Somehow, food eaten outdoors seems to taste better. And a cup of tea drunk outside is the best form of caffeinated beverage if you ask me. Maybe it’s because we seldom have the opportunity with our climate here, but a picnic lunch or mezze supper is pure indulgence at this time of year (apparently it’s International Picnic Day next month too). There’s no better treat to mark Midsummer than a delicious homemade feast outdoors. Fill an old basket with tupperware and a flask: keep it simple with seasonal salads and frittatas or galettes, traybake and fresh berries – guaranteed crowd pleasers in portable form! And if you’re short on time like me, even just a flask of tea and a slice of cake eaten outside on your lunch break instead of in front of a screen can do wonders to fill up your cup. Maybe the cake below… I’m taking note for this week as apparently we have some warm days coming to Edinburgh!
The Celts would also celebrate Litha with the other sort of gathering outdoors. Foraging was essential at this time, especially herbs, which Celts were said to forage for their magical properties. Elderflower is pretty magical to me, while wild roses are abundant at this time of year. I’m hoping to experiment by collecting and drying out rose petals to make my own rosewater this year - I’ll be sure to report back! And speaking of elderflower…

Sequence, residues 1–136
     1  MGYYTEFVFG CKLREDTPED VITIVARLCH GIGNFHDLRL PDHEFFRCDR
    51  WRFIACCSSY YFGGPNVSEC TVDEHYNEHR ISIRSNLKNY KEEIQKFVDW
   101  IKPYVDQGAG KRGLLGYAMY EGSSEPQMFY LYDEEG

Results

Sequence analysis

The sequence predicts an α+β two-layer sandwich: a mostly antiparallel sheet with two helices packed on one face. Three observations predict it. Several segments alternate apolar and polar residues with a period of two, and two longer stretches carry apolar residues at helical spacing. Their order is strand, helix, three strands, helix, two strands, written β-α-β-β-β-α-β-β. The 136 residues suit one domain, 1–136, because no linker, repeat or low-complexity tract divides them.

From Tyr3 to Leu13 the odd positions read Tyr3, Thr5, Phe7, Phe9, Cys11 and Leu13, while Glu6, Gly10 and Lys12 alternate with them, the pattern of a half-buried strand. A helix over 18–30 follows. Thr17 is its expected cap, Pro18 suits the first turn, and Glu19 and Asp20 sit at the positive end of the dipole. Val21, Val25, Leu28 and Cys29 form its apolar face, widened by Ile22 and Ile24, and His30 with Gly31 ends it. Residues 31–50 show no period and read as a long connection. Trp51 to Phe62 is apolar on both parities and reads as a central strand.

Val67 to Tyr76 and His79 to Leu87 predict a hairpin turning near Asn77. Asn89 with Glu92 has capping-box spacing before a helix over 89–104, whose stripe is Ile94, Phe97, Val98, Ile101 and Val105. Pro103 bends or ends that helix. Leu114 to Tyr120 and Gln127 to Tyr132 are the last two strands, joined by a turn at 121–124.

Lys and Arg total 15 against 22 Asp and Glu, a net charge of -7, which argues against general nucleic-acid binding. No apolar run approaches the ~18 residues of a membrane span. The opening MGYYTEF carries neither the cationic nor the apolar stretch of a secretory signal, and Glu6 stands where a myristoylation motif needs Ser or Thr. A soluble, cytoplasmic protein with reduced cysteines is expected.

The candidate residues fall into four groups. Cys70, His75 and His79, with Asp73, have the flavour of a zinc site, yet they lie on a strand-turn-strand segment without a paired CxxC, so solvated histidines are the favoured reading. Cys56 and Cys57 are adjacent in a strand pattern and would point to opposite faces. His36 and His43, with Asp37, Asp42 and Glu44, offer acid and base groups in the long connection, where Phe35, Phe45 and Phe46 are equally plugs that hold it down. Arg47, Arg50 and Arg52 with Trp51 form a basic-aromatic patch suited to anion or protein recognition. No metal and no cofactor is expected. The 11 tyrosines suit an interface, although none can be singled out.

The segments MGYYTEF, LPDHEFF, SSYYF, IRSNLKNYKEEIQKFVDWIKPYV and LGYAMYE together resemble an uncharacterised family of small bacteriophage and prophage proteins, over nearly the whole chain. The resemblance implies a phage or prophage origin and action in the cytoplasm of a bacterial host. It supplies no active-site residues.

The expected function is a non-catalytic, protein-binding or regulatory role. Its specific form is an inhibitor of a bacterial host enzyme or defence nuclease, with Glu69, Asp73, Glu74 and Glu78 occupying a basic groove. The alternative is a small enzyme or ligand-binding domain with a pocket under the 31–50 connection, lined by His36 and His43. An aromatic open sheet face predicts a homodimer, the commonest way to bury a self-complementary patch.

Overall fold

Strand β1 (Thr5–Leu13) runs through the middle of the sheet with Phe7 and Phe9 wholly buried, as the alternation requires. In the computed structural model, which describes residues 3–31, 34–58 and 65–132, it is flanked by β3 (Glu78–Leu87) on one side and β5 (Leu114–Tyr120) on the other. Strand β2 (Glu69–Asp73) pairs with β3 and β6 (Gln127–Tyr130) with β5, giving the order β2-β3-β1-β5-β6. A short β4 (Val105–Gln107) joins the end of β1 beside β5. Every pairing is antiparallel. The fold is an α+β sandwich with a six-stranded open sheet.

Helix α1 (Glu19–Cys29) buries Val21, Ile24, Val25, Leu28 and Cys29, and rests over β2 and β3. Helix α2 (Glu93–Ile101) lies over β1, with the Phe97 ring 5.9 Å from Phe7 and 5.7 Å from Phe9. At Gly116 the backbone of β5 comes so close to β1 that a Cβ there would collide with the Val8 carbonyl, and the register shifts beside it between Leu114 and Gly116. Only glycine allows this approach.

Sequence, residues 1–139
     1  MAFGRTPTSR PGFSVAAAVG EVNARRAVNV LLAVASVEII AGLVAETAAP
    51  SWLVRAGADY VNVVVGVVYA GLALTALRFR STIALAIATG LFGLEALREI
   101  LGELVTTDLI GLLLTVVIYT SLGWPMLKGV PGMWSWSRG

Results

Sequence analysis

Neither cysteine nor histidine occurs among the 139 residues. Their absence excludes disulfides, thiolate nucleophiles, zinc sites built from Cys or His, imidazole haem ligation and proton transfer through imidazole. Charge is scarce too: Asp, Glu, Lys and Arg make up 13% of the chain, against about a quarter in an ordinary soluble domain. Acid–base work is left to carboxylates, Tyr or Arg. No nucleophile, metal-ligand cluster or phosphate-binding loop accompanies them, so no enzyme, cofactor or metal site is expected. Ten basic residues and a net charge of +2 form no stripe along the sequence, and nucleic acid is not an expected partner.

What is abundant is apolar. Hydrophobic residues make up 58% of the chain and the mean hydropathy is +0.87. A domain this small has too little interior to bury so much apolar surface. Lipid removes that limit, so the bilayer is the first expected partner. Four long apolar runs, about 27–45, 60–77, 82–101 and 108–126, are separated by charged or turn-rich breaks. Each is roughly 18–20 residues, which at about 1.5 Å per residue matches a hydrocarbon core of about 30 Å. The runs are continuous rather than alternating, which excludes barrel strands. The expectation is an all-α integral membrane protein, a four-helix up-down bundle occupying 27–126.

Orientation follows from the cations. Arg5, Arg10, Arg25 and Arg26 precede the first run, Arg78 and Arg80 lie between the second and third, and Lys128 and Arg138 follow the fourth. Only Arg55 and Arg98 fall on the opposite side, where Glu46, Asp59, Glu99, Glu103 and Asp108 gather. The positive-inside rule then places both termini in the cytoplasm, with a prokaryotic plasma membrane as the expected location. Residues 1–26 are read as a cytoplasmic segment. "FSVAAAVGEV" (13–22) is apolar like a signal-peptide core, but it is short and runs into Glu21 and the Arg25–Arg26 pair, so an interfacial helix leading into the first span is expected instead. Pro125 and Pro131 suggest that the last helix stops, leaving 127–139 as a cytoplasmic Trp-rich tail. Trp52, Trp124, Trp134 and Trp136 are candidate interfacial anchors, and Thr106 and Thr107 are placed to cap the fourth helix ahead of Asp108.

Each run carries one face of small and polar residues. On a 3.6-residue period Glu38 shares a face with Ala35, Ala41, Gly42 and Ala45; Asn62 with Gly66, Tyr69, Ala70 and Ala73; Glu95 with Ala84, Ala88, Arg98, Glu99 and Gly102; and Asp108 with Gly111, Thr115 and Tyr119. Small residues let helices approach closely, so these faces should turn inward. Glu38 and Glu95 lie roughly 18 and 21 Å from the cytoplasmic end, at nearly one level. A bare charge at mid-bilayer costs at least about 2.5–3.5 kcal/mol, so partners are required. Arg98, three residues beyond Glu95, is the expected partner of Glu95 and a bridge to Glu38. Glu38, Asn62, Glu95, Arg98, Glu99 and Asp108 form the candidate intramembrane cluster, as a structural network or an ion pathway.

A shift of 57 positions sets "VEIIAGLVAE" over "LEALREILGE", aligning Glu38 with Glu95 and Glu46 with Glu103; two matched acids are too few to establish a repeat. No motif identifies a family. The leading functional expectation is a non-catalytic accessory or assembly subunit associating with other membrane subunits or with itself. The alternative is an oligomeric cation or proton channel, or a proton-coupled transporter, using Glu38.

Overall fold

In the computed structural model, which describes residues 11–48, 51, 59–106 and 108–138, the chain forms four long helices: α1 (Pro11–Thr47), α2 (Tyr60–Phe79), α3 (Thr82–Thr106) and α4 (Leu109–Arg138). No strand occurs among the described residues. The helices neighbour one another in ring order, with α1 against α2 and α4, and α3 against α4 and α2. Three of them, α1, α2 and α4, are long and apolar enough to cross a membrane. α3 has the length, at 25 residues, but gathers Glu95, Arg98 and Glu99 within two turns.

Rhubarb and Elderflower Cake
Tangy rhubarb pairs perfectly with sweet, aromatic elderflower here in this rhubarb and elderflower cake - perfect for Litha celebrations! The pink, forced rhubarb has been replaced with its traditional, slightly bitter cousin as Spring produce gives way to Summer’s arrivals. The elderflower sweetness balances the sharpness of the rhubarb beautifully here. To make the cake, you will need:
120g caster sugar
120g self-raising flour
1 tsp baking powder
2 tbsp elderflower cordial, plus 3 tbsp for drizzling.
100g rhubarb, chopped into 5 cm pieces, or so.
Cream the butter and sugar until light and fluffy. Add the cordial, along with one of the eggs and a little flour, then beat briefly to combine. Add the other egg and the rest of the flour and baking powder. Arrange your rhubarb on the base of a lined tin and pour the batter over the top, ensuring you cover all the rhubarb. Bake for 45 – 50 mins at 160 Fan, covering the cake with foil if it starts to brown too much. A skewer inserted in the middle should come out clean.
Leave to cool in the tin a little then turn the cake out while still a little warm. Drizzle the cake with 3 tbsp more of elderflower cordial and leave to cool completely. Serve with yoghurt and extra poached rhubarb, if you wish.
Let me know if you make the cake! What are you celebrating this next month?
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Thanks so much for being here! See you next month, and keep your eyes peeled for that exciting news on the Summer Solstice. Xxx